Show me where you grew up, she implored. So I did. Together, Renae and I packed our SUV and headed West in the dead of Winter, away from Colorado’s Front Range, toward Ogden, one day’s drive. We sped along I-80, passing forlorn little towns with forlorn names like Green River and Rock Springs.
As the Winter sun receded, our path jogged around Park City and down Parley’s Canyon, then into Salt Lake City’s business district. There, we took a hotel near the Mormon temple. I grew up Mormon, less than an hour’s drive from this spot.
California’s Governor Leland Stanford drove the commemorative Golden Spike at Utah’s Promontory Point in 1869. What previously had been a schooner journey around the tip of Argentina, overnight became a rail journey of less than four-days, from San Francisco’s Bay area all the way to New York City. From that moment, my home town of Ogden emerged as a transcontinental rail hub.
Buss, as our family called our dad, was a Union Pacific brakeman and part-time shop keeper, although Sawyer’s Variety Store never amounted to much prior to its shuttering in my senior year of high school. Not many years later, Ogden’s rail anchor began to falter also. No more passenger service. And there was diminishing need for Ogden’s rail yards since many freight trains bypassed it to connect directly through SLC.
Ogden was always different from SLC though. In its heyday, transcontinental railroading made Ogden unique; a commercial and cultural center servicing itinerant rail cars, sometimes harboring contraband including Prohibition-era whisky.
Can I see your ID? asked the officious 60-something desk clerk at SLC’s Little America Hotel. Of course. We produced Colorado driver’s licenses and credit cards issued to different surnames at different addresses.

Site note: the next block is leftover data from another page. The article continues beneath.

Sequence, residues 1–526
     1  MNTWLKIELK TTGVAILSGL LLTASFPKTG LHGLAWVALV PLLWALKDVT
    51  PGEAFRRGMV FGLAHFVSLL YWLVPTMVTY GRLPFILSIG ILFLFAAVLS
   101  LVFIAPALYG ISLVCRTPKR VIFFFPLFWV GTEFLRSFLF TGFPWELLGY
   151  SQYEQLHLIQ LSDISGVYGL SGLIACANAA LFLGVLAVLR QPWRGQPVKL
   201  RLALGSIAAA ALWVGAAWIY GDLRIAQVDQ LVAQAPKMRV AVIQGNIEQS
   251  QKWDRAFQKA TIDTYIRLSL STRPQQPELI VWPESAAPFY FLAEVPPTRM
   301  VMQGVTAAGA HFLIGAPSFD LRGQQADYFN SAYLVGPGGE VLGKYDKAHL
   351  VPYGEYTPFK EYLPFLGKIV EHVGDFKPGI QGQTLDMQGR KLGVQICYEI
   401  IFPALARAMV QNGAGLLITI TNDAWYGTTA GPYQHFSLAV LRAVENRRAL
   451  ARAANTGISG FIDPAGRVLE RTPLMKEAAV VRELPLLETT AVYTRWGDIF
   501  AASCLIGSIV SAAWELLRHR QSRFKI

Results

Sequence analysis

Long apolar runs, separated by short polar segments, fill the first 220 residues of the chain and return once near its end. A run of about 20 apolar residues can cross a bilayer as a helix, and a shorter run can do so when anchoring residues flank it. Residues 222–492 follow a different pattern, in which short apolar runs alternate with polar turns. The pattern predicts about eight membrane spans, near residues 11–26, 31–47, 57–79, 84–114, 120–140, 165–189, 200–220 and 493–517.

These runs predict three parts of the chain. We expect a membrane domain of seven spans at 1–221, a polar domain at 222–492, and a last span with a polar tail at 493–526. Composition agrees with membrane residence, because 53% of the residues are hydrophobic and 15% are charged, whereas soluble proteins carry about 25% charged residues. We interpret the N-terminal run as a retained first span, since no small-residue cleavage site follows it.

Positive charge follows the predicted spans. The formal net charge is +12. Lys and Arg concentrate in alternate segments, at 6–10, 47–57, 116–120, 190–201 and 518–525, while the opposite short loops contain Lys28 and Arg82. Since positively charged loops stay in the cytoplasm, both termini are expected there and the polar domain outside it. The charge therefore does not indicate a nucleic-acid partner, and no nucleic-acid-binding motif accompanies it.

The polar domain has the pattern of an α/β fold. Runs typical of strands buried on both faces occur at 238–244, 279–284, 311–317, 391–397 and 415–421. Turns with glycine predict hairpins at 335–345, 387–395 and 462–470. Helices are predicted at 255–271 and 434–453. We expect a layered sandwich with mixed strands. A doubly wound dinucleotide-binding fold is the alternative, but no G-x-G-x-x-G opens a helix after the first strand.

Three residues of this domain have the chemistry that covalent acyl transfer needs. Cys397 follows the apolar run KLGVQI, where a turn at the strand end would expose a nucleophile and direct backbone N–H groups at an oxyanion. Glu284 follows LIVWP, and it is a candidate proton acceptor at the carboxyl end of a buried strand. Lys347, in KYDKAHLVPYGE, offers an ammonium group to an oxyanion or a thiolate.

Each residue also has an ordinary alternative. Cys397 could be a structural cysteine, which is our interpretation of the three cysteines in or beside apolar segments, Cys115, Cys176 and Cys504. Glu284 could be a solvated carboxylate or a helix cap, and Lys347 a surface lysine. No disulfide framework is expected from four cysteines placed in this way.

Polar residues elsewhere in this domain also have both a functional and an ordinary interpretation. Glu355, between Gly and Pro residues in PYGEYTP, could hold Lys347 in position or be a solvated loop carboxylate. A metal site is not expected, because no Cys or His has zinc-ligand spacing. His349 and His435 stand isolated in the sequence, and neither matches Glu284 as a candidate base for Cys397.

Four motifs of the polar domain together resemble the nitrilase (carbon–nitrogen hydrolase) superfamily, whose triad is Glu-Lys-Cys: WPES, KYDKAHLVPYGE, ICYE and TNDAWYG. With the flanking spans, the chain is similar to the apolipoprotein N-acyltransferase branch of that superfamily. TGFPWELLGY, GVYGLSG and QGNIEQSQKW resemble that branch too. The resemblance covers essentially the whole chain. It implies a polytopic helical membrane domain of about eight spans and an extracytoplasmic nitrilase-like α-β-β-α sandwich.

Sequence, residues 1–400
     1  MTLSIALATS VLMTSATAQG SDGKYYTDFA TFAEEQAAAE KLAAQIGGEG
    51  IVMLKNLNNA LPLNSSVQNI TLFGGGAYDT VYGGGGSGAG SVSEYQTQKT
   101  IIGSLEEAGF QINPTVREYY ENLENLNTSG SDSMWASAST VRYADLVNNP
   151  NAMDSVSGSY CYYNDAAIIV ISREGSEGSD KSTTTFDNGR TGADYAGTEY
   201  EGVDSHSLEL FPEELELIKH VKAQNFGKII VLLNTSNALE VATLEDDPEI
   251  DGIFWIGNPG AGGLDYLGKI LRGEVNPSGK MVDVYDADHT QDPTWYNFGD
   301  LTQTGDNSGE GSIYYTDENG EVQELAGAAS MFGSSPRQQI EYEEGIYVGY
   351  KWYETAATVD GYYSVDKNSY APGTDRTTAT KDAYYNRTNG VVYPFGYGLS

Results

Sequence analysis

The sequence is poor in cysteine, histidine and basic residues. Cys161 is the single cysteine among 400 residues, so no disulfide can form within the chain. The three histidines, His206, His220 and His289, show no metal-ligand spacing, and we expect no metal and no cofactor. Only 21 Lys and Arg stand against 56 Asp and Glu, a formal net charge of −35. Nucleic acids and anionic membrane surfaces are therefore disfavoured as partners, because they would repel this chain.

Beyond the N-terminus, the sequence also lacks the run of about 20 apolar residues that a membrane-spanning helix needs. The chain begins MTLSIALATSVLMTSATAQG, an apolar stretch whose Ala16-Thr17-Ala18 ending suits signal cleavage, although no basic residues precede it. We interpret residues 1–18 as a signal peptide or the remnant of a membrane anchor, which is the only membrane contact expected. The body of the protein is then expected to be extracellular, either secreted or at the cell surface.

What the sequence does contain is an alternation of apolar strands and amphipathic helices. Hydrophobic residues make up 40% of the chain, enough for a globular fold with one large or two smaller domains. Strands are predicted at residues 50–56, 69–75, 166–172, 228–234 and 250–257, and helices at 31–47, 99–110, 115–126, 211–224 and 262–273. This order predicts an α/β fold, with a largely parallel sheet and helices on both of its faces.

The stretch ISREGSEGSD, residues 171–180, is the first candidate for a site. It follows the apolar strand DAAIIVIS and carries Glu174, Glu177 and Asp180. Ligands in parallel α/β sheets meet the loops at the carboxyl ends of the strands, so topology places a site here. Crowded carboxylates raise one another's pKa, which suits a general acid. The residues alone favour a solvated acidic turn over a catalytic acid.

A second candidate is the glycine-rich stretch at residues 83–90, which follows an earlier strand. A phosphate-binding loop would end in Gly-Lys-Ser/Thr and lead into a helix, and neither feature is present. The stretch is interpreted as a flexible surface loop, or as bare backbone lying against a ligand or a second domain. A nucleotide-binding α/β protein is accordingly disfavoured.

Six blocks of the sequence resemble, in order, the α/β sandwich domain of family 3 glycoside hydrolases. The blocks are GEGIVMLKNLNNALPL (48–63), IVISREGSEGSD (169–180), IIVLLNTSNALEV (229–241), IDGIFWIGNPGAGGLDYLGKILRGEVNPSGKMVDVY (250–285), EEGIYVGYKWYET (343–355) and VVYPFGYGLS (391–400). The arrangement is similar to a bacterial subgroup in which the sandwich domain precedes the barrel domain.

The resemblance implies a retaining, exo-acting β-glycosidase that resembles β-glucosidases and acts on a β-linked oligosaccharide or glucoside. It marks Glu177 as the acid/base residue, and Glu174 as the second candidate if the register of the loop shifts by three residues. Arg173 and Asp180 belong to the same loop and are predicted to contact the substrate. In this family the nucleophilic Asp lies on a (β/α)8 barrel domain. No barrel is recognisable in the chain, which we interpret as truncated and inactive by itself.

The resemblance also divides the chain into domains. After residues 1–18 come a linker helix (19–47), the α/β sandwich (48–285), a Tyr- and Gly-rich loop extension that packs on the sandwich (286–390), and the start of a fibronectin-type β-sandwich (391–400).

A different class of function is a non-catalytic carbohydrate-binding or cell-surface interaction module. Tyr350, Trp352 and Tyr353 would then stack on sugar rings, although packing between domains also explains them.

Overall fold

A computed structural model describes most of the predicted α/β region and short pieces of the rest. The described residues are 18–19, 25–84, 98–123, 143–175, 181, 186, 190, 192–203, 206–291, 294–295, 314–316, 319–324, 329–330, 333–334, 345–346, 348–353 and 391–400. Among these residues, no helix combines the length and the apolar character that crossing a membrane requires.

Next, after assigning a room, she noticed and commented on our matching wedding bands. Nice rings you’re wearing, she muttered. What an unusual comment, Renae later mused. By then our room had been assigned and there was no going back. It’s location? In a renovated back corner of what used to be Covey’s Motor Inn during the 1960’s. Renae humorously dubbed this sparsely lit corridor the hotel’s “harlot corner.”
I’m an early riser and depart at daybreak for coffee and a workout. Upon returning, Renae recounted a tale of someone’s unwelcome sexual experience filtering vicariously into our room. Was it an actual Utah dalliance, she humorously wondered.
Humor aside, one cannot visit Utah without encountering the in-your-face assertion of Nineteenth Century sex roles and mores. Among these, Salt Lake Tribune reporter Becky Jacobs describes various discontinuities faced by Utah women. On the plus side, Utah became an early adopter—the 17th state to ratify the Constitutional amendment granting women the right to vote, even ahead of neighboring California.
But on the minus side, vexing discontinuities abound. Amongst the fifty states it is virtually dead last, behind only Louisiana, with America’s largest gender pay gap. Jacobs also describes how low wages and inflexible gender roles imposed by Utah’s ubiquitous Mormon culture turn the heads of outsiders. For instance, Utah women report rigid cultural sex roles to be amongst the greatest challenges they face, Jacobs observes.